US Volcanologists Concerned Over Mount Rainier

Mount Rainier, a significant active stratovolcano in the Cascade Range of Washington state, has been dormant for the past thousand years. Nevertheless, the nearby communities of Tacoma and South Seattle have a constant reminder of the threat they live under—they are built on ancient mudflows created by past volcanic eruptions.

Geologists are particularly concerned about lahars, a dangerous mixture of water and volcanic lava that accumulates debris as it flows down drainage channels and valleys. The rapid melting of ice or snow following an eruption is the primary cause of these volcanic formations, posing a significant threat to the surrounding areas.

Over the past 6,000 years, geologists have recorded eleven significant lahars from Mount Rainier that have affected the Puget Lowlands.

In 2022, scientists tested Mount Rainier’s lahar detection technology under two extreme conditions. In the first scenario, a 260 million cubic meters deep and four-meter thick debris flow might reach the densely populated lowlands of Orting, Washington, about one hour after an eruption. Another area with a “pronounced hazard” was the Nisqually River Valley. In this area, there is a significant risk that a massive lahar might remove enough water from Alder Lake to collapse the 100-meter-tall Alder Dam.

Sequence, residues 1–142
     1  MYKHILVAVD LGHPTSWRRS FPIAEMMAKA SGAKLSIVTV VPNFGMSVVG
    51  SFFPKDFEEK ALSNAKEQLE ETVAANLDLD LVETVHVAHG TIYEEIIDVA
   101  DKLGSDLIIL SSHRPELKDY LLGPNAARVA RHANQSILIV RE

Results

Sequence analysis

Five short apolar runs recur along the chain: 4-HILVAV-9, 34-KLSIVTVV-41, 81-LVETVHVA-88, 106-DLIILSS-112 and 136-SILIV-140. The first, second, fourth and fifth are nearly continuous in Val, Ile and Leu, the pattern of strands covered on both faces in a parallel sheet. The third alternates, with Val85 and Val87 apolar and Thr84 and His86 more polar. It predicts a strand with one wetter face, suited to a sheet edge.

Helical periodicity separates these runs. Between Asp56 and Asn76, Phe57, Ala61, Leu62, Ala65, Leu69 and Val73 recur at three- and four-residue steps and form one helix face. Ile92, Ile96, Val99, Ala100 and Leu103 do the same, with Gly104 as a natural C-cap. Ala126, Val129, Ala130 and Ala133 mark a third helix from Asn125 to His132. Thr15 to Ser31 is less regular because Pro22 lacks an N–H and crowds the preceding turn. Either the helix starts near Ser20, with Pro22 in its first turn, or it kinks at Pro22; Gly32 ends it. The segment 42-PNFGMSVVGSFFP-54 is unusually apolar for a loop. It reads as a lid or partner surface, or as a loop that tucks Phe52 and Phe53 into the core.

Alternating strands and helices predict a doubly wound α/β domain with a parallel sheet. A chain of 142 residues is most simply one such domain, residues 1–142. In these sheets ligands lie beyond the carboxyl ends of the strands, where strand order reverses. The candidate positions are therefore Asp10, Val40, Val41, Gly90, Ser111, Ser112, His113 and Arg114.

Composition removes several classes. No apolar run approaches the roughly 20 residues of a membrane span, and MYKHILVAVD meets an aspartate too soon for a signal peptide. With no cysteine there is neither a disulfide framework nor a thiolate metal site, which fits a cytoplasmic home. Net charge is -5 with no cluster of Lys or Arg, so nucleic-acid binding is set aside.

Forty years ago, Mount St. Helens created a devastating lahar in the southern Cascade Range; nonetheless, densely populated areas were unaffected.

Since its initial installation in 1998 by the US Geological Survey, Mount Rainier’s lahar detection system has been upgraded and improved upon. At around twenty spots along the two lahar-prone paths and the volcano’s slopes, there are broadband seismometers, trip wires, infrasound sensors, cameras, and GPS receivers. In real-time, these sensors transmit data.

Because technology was so limited in the 1990s, the first system had very low bandwidth requirements and very low power consumption. A more comprehensive network of sensors would improve the ability to distinguish between seismic signals detected by different stations and those caused by debris flows, earthquakes, and eruptions. 

In March, the biggest lahar evacuation drill ever conducted included over 50,000 students from six different Washington school districts: Puyallup, Sumner-Bonney Lake, Orting, White River, and Carbonado.